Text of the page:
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Navigating the Streets of David, Panama

Organizing walking/bus tours in David has been interesting, in a good way.  One question that keeps coming up from those new to the area is “What advice do you have for navigating these streets?”  When I thought about it, I agreed it was somewhat scary to Sidewalk in David, Chiriqui Province, David – Best Places In The World To Retire – International Livingwalk the streets in Panama City when I first arrived.  However, for me the experience reminded me of some Caribbean countries.  The truth is, after one month in Panama City, I felt as if I was risking my life every time I crossed the street.  Any street!  Extreme traffic, honking horns and the uncertainty of your whereabouts can throw you off anywhere.  In Panama, it’s a definite.  Many think that once they get accustomed to maneuvering around Panama City, the interior will immediately be a piece of cake.  Not necessarily.
 
Panama City is of course the highest populated area in the country.  After all, it is a city.  It’s busy day and night; a lot of cars, trucks, busses, motorcycles, etc. all going in different directions, loud music, lots of pedestrians, construction, barking dogs, etc.  The good thing... they maintain order even though it seems like chaos to outsiders.  Once you leave the city, you will experience much of the same on a lesser level.  The more rural you go, the easier it is to make your way around.  However, in David, many have described their expectations of this small city to have little traffic and to be organized (as they’re used to).  In David you’ll have your familiar crowded streets, construction, honking horns and impatient drivers.  The added element is that the streets are narrow and one-way streets are not always easily identifiable.  Street names are not always displayed.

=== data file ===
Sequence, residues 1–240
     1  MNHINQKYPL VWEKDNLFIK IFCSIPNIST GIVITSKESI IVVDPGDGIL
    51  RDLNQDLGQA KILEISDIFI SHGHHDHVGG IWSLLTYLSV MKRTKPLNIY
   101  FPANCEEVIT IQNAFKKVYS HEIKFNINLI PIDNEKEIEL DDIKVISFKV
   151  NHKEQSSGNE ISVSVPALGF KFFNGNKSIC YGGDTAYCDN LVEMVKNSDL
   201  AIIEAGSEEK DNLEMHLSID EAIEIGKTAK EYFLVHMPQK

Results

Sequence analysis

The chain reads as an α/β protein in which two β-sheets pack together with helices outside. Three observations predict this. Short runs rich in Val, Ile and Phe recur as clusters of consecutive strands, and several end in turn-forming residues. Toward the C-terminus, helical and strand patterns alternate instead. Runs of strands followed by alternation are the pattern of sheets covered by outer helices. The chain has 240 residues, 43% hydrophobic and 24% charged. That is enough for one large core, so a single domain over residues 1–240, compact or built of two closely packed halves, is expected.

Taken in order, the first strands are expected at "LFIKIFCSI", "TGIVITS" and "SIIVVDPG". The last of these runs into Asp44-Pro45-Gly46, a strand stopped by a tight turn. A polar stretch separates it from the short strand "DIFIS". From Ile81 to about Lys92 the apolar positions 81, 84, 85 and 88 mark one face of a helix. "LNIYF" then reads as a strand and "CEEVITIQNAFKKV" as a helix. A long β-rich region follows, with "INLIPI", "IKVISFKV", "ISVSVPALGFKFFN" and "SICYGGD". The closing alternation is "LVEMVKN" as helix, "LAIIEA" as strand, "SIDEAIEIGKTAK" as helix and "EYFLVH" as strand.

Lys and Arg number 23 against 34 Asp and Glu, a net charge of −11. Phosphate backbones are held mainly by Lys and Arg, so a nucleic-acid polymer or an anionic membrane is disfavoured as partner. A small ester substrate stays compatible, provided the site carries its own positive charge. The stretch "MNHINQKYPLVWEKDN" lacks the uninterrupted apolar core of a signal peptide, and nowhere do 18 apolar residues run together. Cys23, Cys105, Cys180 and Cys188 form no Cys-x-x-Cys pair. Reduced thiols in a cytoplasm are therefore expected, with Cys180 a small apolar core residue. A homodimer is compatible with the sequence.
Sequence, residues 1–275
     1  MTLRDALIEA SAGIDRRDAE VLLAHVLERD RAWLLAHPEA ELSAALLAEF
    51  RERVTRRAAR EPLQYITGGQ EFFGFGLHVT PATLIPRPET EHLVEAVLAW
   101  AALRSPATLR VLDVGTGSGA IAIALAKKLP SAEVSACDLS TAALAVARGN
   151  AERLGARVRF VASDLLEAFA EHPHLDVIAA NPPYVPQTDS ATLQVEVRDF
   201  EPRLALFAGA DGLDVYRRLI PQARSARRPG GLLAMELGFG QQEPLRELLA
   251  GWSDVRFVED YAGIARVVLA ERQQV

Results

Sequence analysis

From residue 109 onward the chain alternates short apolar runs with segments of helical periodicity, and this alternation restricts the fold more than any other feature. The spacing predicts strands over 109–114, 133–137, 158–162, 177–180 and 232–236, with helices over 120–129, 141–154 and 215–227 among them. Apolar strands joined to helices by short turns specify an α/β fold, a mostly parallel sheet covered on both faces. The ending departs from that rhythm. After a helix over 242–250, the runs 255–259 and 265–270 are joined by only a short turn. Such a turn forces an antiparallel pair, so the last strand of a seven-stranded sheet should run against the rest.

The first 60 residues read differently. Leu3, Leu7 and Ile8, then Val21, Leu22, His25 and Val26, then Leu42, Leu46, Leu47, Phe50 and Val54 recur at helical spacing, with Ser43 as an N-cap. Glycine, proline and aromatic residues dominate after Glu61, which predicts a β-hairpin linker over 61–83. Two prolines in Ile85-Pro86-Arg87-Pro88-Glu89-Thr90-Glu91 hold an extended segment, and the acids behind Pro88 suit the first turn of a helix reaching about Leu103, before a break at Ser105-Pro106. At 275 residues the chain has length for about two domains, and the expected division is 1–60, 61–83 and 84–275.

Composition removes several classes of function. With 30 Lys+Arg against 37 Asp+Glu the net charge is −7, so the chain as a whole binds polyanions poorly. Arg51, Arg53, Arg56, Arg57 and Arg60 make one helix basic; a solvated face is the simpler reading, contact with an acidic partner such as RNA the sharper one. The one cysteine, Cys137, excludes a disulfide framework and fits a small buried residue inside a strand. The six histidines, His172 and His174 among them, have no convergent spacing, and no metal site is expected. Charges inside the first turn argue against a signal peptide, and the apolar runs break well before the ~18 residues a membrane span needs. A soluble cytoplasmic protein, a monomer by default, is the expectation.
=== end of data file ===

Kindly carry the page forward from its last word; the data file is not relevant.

As a driver... it’s best to learn the streets.  Know where to avoid driving during certain times of day.  Learn alternative routes.  Remember that not all streets are labeled with street signs.  You will have to learn which streets are one way.  Obey the traffic rules, like anywhere else but don’t rely on having easily marked roads.  And be careful... pedestrians cross everywhere.  David is a small city, so it is relatively easy to learn, but it will take some time.
 
Street scene in David, Chiriqui Province, Panama – Best Places In The World To Retire – International LivingAs a pedestrian... walk with caution.  Simply being on the sidewalk is not reason to drop your guard.  Keep your eyes on the ground.  The sidewalks are uneven and often damaged.  The tiled entrances in front of most stores can be super slick when wet (from rain, spilled drinks, etc.)  Also, we often walk with umbrellas here.  With narrower sidewalks it’s sometimes a tight squeeze.  Dodging umbrellas in the sun and rain can often be a game of chance.  When crossing streets, relying on “pedestrians have the right of way” may not be your safest bet.
 
As a passenger... enjoy the ride.  Leave the stress to your friends or to the bus or taxi driver.  They know where they’re going and the best way to get there.  You get to check out the sights and learn your way around.  Establish your landmarks.  Because David is only 68 square miles, with the city core significantly less, most places are very accessible by walking or public transportation.
 
For those used to relying on their GPS, try Waze.  Waze is a community based traffic and navigation app.  I have not used it myself, but many of my friends have, and they love it.  I say, if it helps to navigate your travel, give it a try.  Whatever your plan to navigate the streets in David, be careful and have fun.  Remember, every day is an adventure!  
Posted in  Lessons About Moving To Panama
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